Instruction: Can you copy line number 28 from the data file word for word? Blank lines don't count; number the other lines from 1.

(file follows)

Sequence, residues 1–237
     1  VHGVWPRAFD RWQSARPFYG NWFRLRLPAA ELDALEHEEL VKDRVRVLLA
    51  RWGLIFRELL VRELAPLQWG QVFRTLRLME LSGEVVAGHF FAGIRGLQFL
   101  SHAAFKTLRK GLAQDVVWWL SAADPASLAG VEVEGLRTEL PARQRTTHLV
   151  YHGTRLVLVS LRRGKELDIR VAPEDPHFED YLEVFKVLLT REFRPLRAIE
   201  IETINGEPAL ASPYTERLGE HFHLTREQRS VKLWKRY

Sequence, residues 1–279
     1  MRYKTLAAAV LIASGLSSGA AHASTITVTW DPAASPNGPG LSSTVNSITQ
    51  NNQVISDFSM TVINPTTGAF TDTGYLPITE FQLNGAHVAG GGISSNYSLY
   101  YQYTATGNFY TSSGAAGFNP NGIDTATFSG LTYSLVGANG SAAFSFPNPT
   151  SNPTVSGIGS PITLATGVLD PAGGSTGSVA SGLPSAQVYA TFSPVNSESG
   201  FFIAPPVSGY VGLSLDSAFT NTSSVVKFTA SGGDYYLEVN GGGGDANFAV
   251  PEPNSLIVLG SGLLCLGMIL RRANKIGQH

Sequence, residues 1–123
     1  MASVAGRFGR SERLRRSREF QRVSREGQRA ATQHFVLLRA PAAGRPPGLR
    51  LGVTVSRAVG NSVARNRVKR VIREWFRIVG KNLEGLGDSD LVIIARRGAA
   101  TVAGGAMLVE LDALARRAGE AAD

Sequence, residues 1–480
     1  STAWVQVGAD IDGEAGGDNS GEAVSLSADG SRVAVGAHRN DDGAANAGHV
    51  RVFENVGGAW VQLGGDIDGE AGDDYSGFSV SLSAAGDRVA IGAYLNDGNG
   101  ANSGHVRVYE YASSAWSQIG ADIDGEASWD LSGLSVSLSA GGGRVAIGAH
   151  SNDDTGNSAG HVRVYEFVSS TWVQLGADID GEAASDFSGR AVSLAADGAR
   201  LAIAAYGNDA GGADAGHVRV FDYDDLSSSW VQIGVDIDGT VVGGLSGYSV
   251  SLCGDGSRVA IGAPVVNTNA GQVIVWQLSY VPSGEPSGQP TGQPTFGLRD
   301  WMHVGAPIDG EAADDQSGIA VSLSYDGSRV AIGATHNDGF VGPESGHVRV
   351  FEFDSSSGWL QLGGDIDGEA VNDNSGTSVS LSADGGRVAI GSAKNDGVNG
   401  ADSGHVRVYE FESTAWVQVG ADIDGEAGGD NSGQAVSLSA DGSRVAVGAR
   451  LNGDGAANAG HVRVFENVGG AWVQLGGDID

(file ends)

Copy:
   451  LNGDGAANAG HVRVFENVGG AWVQLGGDID